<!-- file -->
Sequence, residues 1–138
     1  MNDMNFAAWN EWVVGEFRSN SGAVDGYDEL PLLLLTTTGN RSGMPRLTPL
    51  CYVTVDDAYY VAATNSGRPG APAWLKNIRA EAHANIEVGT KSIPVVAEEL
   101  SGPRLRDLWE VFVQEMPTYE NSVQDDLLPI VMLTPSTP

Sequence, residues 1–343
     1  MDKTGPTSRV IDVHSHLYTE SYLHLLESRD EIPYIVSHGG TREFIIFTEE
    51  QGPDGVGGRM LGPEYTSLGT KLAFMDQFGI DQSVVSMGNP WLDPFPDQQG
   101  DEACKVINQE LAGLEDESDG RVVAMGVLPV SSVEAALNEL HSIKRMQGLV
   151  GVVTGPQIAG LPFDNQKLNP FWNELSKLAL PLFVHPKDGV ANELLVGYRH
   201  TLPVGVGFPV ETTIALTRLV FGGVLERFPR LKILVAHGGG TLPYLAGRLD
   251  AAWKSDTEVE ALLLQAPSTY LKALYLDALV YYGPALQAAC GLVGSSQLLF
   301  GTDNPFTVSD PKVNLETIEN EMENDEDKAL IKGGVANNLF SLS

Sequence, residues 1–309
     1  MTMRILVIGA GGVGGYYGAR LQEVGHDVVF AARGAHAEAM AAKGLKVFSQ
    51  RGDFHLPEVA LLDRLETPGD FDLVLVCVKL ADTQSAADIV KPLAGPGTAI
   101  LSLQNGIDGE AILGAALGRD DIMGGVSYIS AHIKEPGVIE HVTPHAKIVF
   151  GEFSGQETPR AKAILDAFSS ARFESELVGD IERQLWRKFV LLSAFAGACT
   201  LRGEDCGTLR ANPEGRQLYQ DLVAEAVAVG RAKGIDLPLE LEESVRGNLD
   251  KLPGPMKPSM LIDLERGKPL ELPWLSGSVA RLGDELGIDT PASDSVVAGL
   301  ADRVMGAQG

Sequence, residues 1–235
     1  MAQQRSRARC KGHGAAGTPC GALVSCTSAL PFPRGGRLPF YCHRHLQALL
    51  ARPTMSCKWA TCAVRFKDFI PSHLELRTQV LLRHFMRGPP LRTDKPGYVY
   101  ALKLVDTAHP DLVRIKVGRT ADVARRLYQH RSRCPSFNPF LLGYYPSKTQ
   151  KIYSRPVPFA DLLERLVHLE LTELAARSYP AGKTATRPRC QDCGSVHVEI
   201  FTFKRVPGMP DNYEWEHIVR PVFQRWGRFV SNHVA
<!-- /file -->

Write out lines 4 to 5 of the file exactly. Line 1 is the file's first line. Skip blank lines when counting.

   101  SGPRLRDLWE VFVQEMPTYE NSVQDDLLPI VMLTPSTP

Sequence, residues 1–343